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Flooding of wells often results in contamination of freshwater. Specialized construction design and planning procedures can be used to protect wells against the risks of flooding, and consequent water contamination.
Specific measures include sealing wells with a protective cap (such as concrete or clay) extending several metres below the surface to provide a protective barrier for the upper part of the well. This mitigates contaminant infiltration and improves the well’s strength, reducing the risk of collapse during a flooding event. Additional measures include installation of hand pumps at an elevated level that are watertight following use. More advanced wells may be equipped with systems that send a warning if surface water enters the well, prompting a response to reduce health risks, for example prohibiting use of the well or setting up a temporary water treatment site.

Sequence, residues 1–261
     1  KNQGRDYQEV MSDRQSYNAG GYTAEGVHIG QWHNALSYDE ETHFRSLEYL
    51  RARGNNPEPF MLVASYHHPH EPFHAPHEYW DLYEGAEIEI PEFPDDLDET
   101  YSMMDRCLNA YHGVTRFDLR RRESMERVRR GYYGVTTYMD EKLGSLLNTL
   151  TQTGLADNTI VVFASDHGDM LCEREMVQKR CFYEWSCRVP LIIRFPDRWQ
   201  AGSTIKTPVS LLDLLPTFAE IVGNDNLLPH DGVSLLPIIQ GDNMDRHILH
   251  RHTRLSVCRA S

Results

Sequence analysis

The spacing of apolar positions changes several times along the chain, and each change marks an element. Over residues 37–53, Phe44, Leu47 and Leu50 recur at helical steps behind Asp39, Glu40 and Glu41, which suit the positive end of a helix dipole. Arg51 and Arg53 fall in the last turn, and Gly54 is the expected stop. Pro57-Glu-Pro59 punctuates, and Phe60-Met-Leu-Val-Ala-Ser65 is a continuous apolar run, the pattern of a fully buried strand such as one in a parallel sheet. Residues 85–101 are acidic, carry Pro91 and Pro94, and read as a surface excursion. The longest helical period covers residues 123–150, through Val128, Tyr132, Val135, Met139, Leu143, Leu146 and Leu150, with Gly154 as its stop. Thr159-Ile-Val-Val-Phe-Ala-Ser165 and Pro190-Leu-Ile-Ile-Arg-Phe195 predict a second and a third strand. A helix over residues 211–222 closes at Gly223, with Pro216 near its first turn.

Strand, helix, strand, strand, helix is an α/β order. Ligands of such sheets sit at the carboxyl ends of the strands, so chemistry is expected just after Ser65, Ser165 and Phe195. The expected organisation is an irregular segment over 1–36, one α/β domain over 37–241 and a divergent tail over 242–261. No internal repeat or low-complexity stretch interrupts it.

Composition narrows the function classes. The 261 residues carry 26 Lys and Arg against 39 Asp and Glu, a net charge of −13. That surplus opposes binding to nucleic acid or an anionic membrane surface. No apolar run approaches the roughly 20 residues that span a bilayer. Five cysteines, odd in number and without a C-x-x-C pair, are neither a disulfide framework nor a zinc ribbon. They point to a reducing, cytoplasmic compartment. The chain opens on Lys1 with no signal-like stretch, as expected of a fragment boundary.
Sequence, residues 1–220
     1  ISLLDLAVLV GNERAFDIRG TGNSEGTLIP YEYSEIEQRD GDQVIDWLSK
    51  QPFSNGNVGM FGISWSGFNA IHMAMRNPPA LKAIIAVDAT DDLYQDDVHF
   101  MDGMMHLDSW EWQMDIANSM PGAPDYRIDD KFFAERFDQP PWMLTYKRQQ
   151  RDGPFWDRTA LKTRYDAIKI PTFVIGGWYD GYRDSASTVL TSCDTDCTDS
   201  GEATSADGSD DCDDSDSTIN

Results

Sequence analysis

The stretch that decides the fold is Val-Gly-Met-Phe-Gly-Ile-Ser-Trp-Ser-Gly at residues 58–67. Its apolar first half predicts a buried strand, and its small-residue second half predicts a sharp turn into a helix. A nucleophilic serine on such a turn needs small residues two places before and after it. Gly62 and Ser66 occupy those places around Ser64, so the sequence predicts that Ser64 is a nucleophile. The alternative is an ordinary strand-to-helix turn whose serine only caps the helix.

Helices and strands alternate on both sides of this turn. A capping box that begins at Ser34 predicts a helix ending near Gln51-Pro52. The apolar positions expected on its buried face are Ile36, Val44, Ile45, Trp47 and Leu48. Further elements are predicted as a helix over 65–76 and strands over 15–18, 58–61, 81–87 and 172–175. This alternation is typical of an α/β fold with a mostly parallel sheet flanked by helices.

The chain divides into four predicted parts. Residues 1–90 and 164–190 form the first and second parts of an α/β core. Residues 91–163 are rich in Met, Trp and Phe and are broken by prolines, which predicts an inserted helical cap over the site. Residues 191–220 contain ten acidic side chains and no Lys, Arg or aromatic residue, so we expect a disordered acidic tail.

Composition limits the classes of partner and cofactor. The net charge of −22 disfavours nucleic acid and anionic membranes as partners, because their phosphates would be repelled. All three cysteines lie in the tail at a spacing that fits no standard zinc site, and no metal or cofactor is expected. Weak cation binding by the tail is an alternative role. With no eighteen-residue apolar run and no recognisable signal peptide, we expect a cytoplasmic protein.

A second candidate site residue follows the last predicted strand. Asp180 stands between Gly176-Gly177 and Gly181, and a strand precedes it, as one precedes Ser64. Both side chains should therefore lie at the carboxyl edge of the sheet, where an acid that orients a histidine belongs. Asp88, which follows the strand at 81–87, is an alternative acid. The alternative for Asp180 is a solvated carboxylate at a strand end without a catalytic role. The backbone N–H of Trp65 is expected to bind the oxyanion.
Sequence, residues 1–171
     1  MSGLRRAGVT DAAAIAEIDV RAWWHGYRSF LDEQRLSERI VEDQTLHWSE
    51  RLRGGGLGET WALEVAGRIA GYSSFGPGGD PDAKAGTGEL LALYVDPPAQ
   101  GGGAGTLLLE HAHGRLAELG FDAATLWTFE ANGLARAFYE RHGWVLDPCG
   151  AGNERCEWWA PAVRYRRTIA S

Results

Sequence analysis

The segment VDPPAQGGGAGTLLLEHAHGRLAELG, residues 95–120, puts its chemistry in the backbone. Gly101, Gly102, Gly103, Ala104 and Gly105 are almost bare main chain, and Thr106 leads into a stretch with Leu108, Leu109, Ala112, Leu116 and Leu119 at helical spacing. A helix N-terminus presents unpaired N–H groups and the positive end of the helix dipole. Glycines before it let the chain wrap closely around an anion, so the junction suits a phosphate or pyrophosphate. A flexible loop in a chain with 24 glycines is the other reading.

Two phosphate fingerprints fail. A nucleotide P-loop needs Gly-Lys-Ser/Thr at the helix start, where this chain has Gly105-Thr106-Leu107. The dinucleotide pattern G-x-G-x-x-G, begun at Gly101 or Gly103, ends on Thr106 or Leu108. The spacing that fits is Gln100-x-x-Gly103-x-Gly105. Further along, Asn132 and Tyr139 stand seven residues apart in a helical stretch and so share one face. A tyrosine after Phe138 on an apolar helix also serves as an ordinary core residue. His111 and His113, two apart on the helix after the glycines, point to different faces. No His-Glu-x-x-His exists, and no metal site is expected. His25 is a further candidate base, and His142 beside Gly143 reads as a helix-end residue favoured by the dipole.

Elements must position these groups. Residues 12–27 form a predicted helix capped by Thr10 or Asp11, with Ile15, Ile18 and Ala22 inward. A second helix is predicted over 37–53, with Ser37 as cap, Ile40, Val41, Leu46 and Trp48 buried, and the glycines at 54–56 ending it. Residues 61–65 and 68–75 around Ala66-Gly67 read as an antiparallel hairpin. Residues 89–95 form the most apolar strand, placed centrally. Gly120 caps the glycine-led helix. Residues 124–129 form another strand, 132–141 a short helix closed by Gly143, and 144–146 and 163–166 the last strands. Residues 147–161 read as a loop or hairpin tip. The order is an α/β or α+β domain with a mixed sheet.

Selecting the right site for a well can also reduce water contamination risks. Constructing wells on higher ground, an adequate distance uphill from potential contamination sources (e.g. latrines, fertilized fields) reduces the pollution risks of during flood events. Tube-wells (a pipe or tube bored into an underground aquifer) and boreholes (narrow shafts bored into underground aquifers) are also generally less susceptible to contamination compared to dug wells (hand dug holes leading to a groundwater supply), due to use of a smaller diameter bore that is encased with a protective tube.